Is it Time to Fire Me?

I have started and run several businesses. I have also watched my friends and colleagues start and run their own businesses. Over the years, I decided that all of us fall into one of three categories: 1) those of us who should have never started a business; 2) those of us who should have started and run a business; and 3) those of us who should have started and at some point turned the business over to someone else to run. This blog is about the third category of people; those who should have started but not continue to run the business through its lifecycle. The question on the table is, “is it time to fire yourself?”

In previous blogs, I wrote about how people are similar in that they have lifecycles. I also pointed out that the questions asked and decisions made at each phase in the lifecycle will determine whether the business moves to the next phase/stage or stagnates or even worse, dies at its current phase/stage.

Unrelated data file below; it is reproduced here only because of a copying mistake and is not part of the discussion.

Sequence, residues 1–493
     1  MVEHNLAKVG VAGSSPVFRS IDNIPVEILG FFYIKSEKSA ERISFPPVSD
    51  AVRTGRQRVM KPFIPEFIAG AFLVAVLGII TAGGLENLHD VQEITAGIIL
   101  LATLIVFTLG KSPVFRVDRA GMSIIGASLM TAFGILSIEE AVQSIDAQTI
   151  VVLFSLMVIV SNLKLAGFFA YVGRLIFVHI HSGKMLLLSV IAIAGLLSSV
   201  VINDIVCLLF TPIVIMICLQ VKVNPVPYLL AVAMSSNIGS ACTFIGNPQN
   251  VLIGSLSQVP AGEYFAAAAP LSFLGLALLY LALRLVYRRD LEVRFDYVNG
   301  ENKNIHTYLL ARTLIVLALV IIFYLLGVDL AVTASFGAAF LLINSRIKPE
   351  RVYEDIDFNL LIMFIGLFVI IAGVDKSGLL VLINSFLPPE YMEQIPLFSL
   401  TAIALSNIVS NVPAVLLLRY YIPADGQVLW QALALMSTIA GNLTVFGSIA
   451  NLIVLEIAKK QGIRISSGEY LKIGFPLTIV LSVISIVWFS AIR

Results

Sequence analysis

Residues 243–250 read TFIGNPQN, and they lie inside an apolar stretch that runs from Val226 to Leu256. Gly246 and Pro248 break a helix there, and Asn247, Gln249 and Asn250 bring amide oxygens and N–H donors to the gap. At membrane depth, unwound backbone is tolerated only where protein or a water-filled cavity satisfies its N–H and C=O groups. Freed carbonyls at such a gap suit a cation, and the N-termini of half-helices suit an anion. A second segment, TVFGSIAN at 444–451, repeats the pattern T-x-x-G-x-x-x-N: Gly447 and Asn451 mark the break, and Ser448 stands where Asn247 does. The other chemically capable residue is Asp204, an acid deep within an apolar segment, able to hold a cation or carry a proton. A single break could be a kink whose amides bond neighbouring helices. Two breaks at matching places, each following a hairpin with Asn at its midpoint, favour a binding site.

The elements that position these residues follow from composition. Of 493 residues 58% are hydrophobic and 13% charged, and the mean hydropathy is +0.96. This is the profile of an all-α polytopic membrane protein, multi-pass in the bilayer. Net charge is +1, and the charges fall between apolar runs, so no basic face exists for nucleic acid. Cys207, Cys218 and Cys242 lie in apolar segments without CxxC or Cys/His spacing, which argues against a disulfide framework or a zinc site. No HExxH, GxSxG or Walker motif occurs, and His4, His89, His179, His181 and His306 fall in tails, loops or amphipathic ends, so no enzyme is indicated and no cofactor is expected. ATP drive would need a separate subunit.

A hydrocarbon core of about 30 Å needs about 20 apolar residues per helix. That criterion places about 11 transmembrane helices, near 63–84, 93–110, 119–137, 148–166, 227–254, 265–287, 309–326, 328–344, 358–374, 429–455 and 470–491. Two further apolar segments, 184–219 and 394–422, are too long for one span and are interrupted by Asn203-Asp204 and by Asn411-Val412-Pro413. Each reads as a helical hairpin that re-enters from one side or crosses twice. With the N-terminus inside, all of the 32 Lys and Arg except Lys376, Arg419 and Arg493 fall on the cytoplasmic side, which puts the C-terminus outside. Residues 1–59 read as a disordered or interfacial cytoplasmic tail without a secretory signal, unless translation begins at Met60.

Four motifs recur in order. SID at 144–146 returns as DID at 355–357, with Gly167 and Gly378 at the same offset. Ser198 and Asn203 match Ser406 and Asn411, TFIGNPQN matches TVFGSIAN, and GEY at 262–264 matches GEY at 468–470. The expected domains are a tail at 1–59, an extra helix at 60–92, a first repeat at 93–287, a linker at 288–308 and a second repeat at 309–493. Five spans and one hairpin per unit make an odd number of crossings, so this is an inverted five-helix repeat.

Many years ago, I took over an enterprise that was in serious financial trouble and the runway was very short. When I accepted the job I gave the board a signed undated letter of resignation. Somewhat shocked, the board chair asked why I would possibly do such a thing. I told them that I was going to need to do some things very quickly and I did not have time to get their approval regarding some things some board members would consider risky. If I did something to mess things up, they could execute the resignation letter. However, I told them there was actually a more important reason. While I was exactly the right person to get things on track, I was not the person who should run things once that was done. The letter was designed to be a tangible reminder that we needed to be mindful of the reality that part of the strategy called for identifying my successor.

While perhaps difficult to execute, determining whether you should fire yourself or not depends on the honest answer to a straightforward question. Assuming you understand the precise phase/stage of your business as well as the next phase/stage, the question is, “do I have the experience, expertise, skills, and appetite to get the business from where it is at now to where it can be next?” If the answer is “yes,” then continue. If the answer is “no,” then find someone with the aforementioned characteristics. Then fire yourself.

 

Patrick McNees
Managing Partner
Health and Life Science
Kirchner Private Capital Group

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